ME and I traveled to Oman for a long weekend. The flight originated in Bahrain leaving at 9PM and we arrived in Muscat, the capital of Oman at 11:35PM, a 1-1/2 hour flight with a one hour time change. The airport was extremely crowded. We exited the airport looking for a taxi and it looked like an entire third world nation was waiting for a taxi too. I became a little nervous thinking that we made a big mistake coming here. Many quest workers from central and southern Asia work in the Middle Eastern countries and I think we all arrived in Muscat at the same time. It seems like many flights in this part of the world depart and arrive either very early in the morning or very late at night. Now that spring/summer has arrived you can understand why, it is just TOO HOT to be outside or active during the day. We did find a taxi to drive us to the hotel.
Oman is another one of these oil and gas producing countries but their reserves are not as large as most of the other countries in the region. Officially called the Sultanate of Oman it is located on the Arabian Peninsula. It sits at the month of the Persian/Arabian Gulf at the Strait of Hormuz. As of 2010 the population was 2.7 million people with 1.9 being Omanis. The size of their quest worker population is low compared to other Middle Eastern states.
Putting it on the map, Muscat, Oman
Sultan Qaboos took over the leadership of Oman from his father in 1970. He opened up the country by developing economic reforms and starting a modernization program by spending heavily on health, education and welfare. In 1997 he decreed that women could vote and be elected to office. In 2002 all citizens over 21 could vote. Even though there is a political system in place the Sultan really rules by decree. There were protests in 2011 inspired by the Arab Spring and under pressure the Sultan promised greater powers to the governmental assembly. Still the Sultan has absolute power and issues laws by decree, he is the longest serving ruler in the Middle East. Oman has close diplomatic ties to the US and UK.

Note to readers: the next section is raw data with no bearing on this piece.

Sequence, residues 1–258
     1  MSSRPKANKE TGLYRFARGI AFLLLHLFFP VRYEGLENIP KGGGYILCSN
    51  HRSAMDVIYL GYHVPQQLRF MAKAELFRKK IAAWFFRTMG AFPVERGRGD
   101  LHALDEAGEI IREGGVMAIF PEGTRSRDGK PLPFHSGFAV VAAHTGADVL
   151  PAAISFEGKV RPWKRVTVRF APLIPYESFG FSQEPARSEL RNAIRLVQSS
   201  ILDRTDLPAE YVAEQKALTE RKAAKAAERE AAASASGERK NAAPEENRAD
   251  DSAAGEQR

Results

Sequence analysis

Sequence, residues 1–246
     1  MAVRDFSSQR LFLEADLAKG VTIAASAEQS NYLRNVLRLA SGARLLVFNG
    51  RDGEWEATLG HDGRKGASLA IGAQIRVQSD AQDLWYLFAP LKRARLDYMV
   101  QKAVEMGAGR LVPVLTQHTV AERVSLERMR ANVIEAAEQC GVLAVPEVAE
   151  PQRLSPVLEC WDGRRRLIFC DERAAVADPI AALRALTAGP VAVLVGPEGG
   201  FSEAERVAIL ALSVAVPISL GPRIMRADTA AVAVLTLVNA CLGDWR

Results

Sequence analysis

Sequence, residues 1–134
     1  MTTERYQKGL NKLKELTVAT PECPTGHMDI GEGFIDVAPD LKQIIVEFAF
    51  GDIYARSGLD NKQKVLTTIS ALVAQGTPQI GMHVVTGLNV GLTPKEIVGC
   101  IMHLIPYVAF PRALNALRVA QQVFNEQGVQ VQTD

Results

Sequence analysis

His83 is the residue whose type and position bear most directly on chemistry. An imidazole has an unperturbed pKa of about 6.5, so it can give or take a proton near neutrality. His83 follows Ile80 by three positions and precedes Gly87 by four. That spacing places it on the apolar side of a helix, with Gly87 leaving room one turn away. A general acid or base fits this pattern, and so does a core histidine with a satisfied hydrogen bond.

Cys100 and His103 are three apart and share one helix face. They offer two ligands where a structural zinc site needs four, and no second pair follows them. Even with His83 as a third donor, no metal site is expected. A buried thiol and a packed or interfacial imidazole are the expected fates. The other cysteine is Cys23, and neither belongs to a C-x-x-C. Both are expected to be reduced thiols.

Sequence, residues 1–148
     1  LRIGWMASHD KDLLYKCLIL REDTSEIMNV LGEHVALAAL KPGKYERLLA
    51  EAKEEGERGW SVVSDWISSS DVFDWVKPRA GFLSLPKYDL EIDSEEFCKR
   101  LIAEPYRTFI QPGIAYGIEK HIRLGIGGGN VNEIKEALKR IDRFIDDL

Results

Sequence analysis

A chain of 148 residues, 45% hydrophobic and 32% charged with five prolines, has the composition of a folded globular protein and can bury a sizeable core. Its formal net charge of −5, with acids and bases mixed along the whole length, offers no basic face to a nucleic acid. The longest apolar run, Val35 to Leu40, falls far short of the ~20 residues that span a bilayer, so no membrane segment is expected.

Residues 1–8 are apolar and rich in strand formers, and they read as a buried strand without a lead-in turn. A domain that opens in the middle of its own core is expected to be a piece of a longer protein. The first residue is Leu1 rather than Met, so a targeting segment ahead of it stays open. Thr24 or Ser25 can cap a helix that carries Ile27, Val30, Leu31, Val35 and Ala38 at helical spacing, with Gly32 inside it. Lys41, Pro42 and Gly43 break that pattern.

Overall the Omani citizens enjoy a good standard of living but the future is uncertain with Oman’s limited oil and gas reserves. Oman is currently working to diversify into agriculture, light industry and tourism.
Once we got past the airport, we were very impressed with the capital city. It was very clean, not overly stated with huge mega projects, seemed very cultured and all of our contacts were with local Omanis who were well educated and extremely nice. This is in comparison to living in KSA were I only have contacts with foreign workers.
We stayed at the Al Bustan Palace a Ritz-Carlton property. The hotel was built as a GCC (Gulf Cooperation Council)summit meeting place 25 years ago. The GCC was founded by Oman in 1981 as a regional intergovernmental political and economic union for the Arab states in the Persian Gulf region. Later the palace became a luxury resort known for its huge central atrium lobby and splendid gardens and beach. Just last year the Ritz-Carlton took it over. Supposedly the 9th floor is closed and only available for the royalty of the Arab world. Below are some pictures of the hotel.